Associated Press Bungles Malaysia Airlines Crash Alert, Sends Newsrooms Into Panic

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A KLM stewardess pays her respects at Schiphol Airport during a national day of mourning for the victims killed the Malaysia Airlines Flight MH17 plane disaster on July 23, 2014. REUTERS/Cris Toala Olivares

For a brief moment on Wednesday morning, Twitter users nearly had a collective blip of a heart attack when the AP tweeted that one of the Dutch planes carrying bodies from the downed Malaysia Airlines flight "crash lands in Eindhoven." The apparent news from one of the most trusted news sources in the world, that one of the planes flying crash victims home had also crashed at the airport, was unthinkable.

The tweet was a breaking news alert from the AP on the wire, which meant the error was spread far and wide.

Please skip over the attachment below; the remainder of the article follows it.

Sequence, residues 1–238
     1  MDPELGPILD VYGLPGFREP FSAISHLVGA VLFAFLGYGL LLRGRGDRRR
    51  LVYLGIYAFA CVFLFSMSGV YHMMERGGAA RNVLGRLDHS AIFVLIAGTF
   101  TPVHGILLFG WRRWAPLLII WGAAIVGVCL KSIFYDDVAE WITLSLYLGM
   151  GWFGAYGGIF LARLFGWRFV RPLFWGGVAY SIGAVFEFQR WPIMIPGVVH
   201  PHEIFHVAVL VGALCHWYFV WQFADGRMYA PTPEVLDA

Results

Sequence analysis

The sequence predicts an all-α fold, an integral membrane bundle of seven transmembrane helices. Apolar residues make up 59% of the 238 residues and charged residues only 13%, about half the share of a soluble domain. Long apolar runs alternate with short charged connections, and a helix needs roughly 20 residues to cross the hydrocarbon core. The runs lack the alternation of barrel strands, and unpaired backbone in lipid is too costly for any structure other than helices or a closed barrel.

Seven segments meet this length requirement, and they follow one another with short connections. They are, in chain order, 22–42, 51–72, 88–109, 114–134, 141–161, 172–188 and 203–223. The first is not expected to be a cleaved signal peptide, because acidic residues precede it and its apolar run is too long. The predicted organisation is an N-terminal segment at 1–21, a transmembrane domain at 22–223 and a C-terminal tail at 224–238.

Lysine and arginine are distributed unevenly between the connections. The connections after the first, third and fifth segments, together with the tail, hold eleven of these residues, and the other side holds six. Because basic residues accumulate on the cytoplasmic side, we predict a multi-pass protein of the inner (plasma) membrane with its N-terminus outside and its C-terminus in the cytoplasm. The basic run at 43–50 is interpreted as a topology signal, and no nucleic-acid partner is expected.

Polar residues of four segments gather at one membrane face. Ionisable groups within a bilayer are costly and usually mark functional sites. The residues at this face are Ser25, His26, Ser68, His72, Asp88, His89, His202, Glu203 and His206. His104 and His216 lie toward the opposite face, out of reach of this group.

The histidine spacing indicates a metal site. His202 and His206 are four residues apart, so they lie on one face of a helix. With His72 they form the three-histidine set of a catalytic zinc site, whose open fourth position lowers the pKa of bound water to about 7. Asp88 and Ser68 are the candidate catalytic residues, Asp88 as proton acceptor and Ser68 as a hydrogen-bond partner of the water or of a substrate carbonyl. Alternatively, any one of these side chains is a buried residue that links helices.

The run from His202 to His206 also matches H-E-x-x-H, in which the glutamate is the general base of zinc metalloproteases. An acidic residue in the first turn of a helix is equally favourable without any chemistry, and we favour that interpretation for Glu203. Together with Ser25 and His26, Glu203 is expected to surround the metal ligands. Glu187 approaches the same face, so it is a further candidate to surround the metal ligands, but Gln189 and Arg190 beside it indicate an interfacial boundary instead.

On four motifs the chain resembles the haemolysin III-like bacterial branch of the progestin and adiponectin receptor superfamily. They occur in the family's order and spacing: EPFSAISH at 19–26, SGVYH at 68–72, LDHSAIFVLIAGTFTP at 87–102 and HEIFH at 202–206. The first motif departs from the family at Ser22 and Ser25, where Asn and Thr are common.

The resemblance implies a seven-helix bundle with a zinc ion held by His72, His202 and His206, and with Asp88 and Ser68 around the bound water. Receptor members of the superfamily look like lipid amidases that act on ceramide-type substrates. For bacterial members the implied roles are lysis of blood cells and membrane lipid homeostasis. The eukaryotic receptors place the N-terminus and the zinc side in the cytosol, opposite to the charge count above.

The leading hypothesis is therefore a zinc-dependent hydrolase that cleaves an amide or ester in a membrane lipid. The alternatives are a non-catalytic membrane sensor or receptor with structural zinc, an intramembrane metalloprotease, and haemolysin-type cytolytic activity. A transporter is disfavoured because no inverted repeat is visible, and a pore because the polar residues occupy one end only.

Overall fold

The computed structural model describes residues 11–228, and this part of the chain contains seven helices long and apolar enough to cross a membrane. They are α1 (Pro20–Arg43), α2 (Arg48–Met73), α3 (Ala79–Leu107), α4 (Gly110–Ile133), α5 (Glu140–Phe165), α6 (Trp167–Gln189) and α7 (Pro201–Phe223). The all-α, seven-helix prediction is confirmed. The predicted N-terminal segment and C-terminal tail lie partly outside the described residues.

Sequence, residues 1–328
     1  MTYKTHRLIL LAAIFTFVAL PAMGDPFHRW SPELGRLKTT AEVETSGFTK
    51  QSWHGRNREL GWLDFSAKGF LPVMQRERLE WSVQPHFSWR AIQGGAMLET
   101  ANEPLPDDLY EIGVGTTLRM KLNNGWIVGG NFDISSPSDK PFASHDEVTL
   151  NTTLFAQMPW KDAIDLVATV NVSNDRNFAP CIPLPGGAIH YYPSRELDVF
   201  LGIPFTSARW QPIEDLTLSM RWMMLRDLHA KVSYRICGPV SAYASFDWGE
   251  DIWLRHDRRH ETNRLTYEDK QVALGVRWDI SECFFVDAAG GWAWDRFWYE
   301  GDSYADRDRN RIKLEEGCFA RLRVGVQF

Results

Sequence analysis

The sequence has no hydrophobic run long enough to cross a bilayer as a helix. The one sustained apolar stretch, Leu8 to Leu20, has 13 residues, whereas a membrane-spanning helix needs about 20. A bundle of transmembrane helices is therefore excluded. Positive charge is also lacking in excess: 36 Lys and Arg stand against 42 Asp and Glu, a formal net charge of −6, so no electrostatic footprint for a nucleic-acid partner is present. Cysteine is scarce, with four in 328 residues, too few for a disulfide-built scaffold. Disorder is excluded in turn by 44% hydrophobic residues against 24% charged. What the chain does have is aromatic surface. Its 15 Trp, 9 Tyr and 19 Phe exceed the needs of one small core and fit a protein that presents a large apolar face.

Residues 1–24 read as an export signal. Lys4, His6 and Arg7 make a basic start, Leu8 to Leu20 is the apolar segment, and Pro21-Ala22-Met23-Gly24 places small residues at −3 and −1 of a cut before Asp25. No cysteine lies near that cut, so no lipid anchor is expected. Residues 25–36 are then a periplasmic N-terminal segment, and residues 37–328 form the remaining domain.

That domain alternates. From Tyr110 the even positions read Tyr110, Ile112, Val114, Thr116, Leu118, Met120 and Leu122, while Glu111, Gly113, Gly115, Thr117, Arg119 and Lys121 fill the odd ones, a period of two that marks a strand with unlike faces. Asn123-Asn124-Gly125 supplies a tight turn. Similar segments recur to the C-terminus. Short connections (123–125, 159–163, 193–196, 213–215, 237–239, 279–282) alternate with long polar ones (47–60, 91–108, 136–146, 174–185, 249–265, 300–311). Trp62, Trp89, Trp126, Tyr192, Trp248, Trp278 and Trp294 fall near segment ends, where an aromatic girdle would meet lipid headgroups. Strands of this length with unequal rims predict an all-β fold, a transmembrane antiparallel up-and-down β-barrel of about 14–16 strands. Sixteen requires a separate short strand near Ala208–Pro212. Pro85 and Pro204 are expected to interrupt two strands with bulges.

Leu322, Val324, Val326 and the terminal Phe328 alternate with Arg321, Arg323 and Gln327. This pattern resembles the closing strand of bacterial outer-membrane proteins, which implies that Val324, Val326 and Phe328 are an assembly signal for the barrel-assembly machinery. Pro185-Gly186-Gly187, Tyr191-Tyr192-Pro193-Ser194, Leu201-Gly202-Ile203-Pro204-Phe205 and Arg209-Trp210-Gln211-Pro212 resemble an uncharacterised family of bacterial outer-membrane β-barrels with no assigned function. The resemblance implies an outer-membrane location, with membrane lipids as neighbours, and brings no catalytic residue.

But look closer. Never has the need for an alert copy-editor been so apparent.

The AP issued a clarification shortly after the mistake, but that didn't stop eagle-eyed journalists from panic this morning. It also led a few to wonder whether a plane safely landing is grounds for breaking news in the first place.

Six days after the Malaysia Airlines crash that killed 298 people in Ukraine, the bodies of the victims are arriving in The Netherlands, where 193 of the dead are from. Black boxes from the plane are also being analyzed by international specialists, and a full invesitagtion is underway, according to the Dutch safety board.

Associated Press Bungles Malaysia Airlines Crash Alert, Sends Newsrooms Into Panic | World